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One night in Pigalle, the balding Francois (Bernard Campan) walks in to a small shopfront brothel-bar to make a stupendous proposition to the voluptuous woman under a fur coat who is decorating the bar stool in the window, Daniela (Monica Bellucci). He's just won millions of Euros on the lottery and wants her to live with him - at a price - until his money runs out. Daniela accepts, but his heart condition flares up and he calls his friend, the doctor (Jean-Pierre Darroussin) who warns him about over exerting himself - especially with this sex bomb. But Francois' heart troubles have only just begun, as Daniela's presence - not to mention the presence of her tough nut boyfriend/husband/owner Charly (Gerard Depardieu) - brings all sorts of trials and tribulations, complications and about turns.

Review by Andrew L. Urban:
Famous French director Bertrand Blier makes a cameo appearance in this film as a departing client of young prostitute Muguet (Sarah Forestier) in the shop-front brothel and bar where Daniela (Monica Bellucci) works. Muguet's character in this small role tries to waltz off with Francois, after Daniela has left him and returned to her bar stool in the window. My brain clicked into overdrive as I tried to decipher the symbolism of this cameo. Did Blier's visit to the brothel have a meaning? Like: he's paying off French cinematic whores who make movies in which women are portrayed in a variety of stereotypes, not least whore, but always beautiful? Is French cinema so besotted with and blinded by beautiful women on the screen that it loses its pants at the drop of a hat - if I can mix my apparel metaphors?

The film does this to you, because it begins like a typical French anti-romantic love story, burns into overdrive with complicated relationships that range from neighbours to partners to strangers, always doused in feverish sex. As the film progresses, held aloft by the push up bras of Monica Bellucci's body in various bedrooms and in varying degrees of undress, it begins to play like a twisted, sly and savage satire on French cinema. The cinema that hovers over women's bodies, making them out to be either more or less than they really are; sluts in a nun's habit. Blier grows bolder (or is it more desperate in a search for an ending) as the film takes a surreal turn, all the while returning to its main theme: Bellucci's breasts.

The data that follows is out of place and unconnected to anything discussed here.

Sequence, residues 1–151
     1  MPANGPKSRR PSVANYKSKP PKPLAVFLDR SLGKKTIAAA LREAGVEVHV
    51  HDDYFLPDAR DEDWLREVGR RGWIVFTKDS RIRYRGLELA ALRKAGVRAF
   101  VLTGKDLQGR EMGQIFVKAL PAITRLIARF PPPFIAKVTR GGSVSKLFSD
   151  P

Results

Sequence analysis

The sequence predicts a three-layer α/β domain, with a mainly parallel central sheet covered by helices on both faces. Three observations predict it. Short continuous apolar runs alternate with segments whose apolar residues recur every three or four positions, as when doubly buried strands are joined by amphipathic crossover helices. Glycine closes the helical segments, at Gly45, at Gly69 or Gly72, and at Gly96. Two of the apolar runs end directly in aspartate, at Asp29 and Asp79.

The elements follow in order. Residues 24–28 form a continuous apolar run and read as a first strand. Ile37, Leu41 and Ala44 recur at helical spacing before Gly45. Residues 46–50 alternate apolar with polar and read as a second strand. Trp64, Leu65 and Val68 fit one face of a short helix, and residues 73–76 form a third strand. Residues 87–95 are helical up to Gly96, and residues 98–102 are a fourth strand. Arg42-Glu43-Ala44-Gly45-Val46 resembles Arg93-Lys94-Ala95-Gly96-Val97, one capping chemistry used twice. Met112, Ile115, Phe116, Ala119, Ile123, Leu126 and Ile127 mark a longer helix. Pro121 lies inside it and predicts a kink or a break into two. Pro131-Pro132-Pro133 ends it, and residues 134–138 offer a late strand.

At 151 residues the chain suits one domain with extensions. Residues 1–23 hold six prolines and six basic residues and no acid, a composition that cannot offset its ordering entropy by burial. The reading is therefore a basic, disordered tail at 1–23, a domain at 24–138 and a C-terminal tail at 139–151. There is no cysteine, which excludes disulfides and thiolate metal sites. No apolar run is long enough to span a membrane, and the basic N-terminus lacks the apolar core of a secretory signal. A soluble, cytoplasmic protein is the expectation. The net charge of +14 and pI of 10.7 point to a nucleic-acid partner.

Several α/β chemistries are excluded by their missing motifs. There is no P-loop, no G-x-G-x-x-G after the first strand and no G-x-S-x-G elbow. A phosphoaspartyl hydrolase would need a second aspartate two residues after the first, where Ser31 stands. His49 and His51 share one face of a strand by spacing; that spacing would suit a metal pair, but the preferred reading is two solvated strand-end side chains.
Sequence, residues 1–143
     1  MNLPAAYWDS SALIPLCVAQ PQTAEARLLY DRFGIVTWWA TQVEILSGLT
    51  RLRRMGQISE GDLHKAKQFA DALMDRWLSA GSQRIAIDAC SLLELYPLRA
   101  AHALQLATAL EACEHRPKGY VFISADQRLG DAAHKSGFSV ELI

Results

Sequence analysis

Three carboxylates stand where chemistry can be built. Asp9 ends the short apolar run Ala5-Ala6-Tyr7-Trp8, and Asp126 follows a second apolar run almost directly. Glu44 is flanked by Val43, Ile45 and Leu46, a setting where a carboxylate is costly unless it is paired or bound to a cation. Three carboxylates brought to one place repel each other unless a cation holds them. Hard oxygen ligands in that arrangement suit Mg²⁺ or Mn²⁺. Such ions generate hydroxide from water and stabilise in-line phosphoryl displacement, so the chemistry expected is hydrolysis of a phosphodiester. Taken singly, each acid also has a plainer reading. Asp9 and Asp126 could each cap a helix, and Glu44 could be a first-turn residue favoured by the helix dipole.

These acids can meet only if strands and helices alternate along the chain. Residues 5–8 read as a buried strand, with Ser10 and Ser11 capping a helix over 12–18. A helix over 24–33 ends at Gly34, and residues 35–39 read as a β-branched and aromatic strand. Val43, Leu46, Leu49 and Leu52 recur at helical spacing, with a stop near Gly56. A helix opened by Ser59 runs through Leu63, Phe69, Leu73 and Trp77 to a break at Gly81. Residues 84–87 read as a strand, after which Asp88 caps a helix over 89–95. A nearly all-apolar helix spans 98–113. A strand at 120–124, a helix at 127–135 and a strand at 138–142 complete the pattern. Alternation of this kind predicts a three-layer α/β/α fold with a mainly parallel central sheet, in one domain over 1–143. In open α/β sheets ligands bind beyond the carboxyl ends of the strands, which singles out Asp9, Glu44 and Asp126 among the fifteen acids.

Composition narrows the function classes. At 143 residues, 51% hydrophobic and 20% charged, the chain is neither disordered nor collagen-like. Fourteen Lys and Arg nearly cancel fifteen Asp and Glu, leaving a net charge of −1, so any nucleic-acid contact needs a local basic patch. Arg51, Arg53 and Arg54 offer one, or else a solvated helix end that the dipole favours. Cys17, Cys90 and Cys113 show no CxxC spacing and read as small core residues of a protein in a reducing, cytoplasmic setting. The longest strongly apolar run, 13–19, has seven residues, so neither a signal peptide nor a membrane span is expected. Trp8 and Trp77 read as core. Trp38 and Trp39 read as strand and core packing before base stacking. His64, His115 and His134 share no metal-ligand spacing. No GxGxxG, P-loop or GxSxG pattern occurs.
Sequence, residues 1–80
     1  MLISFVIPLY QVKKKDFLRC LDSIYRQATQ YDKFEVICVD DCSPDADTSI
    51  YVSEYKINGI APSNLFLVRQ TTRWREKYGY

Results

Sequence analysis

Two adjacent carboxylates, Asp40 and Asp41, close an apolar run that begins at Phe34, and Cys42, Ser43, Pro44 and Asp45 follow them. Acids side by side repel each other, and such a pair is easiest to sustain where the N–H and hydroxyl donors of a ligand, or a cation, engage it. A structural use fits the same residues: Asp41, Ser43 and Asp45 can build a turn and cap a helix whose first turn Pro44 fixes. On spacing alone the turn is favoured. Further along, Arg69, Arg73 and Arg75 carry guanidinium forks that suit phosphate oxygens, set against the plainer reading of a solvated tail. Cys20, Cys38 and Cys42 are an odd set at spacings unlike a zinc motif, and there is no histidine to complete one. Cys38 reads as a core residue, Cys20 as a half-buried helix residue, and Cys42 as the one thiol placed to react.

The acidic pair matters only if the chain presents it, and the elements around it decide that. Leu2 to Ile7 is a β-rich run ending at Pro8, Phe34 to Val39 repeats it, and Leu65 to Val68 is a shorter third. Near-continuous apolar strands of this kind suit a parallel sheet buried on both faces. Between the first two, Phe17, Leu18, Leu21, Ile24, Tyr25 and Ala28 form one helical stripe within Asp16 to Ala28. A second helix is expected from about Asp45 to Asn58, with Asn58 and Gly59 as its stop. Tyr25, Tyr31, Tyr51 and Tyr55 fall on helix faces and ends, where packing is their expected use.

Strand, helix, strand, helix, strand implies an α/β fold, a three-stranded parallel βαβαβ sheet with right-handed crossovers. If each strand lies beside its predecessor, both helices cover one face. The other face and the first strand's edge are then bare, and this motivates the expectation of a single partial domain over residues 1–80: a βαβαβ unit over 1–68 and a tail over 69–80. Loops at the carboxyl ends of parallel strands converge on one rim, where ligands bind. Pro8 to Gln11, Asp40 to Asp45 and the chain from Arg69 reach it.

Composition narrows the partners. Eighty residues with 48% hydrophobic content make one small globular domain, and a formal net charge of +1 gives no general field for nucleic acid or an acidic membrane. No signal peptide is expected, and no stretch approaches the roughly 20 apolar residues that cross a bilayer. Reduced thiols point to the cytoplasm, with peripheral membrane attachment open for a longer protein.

Reedy alto sax cues alternate with snatches of grand(iose) opera (a lot of Verdi, some Bellini and spicy bits of Puccini, including Tosca) all used as if to mock the film's progress, inserted sometimes with a sudden blast of extra lighting. These devices keep us on edge, while trying to follow the melodrama whipped up to operatic proportions, changing tones and perspectives.

There are moments to enjoy, a few to laugh at; but there is no heart, for all the talk of love and all the symbolism about hearts, just a series of scenes that fight against each other as the filmmakers wrestle with material that defies their talents. Watching Bertrand Blier in such creative turmoil is not that much fun.

Review by Louise Keller:
Jazz and opera, lust and love, tenderness and passion, life and death..... Impossible to define, How Much Do You Love Me is an unfathomable film on many levels. It starts with a breathy saxophone solo whose vibrato breaks your heart, as a balding man peers into a brightly illuminated window and sees an impossibly beautiful woman. He desires her - absolutely. He finds a way to have his way with her. But how can he possess her? Provocative, alluring and baffling, Bernard Blier's film is more drama than comedy, more obtuse than the obvious. A man with a weak heart, a voluptuous woman who can be bought, a gangster, a doctor not immune to attractive women, a neighbour with set ideals about orgasms.....They're a curious mix of characters. The French title is curious too, by its use of the word 'combien' implying 'how much' as opposed to 'how'.

The first half of the film grabs our attention. When Bernard Campan's vulnerable Francois makes his approach to Monica Bellucci's stunning Daniela at a bar in Pigalle, we are mesmerized. A proposition is negotiated - but it is not really about money. It is not until she has moved in with him that names are exchanged. 'Love really suits you,' she tells him, as their relationship makes him stronger and stronger.

As circumstances and events become totally bizarre, we find ourselves being thrust in a whirlwind of confusion. Open to all kinds of interpretation, the film keeps its distance, despite the intimacy of its players. Bellucci spends the entire film in various modes of undress - the scenes when she is clothed are perhaps more sensual than when she is not. We gaze, gawk, marvel at her beauty. Just like all the characters. Much of film's impact rests with the casting - Campan's bewildered Francois, Bellucci's dazzing bombshell, Jean-Pierre Darroussin's nervous Andre and Depardieu's hard-nosed Charly.

There is no predictable emotional curve, no easy storyline for us to cling to. It's all at once confusing, bewitching and often irritating. Some may be inspired.

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(Italy/France, 2005)

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CAST: Monica Bellucci, Bernard Campan, Gerard Depardieu, Jean-Pierre Darroussin, Farida Rahouadj, Sara Forestier, Michel Vuillermoz, Francois Rollin, Eduard Baer

PRODUCER: Olivier Delbosc, Marc Missonnier

DIRECTOR: Bertrand Blier

SCRIPT: Bertrand Blier


EDITOR: Marion Monestier

PRODUCTION DESIGN: Francois de Lamothe

RUNNING TIME: 95 minutes



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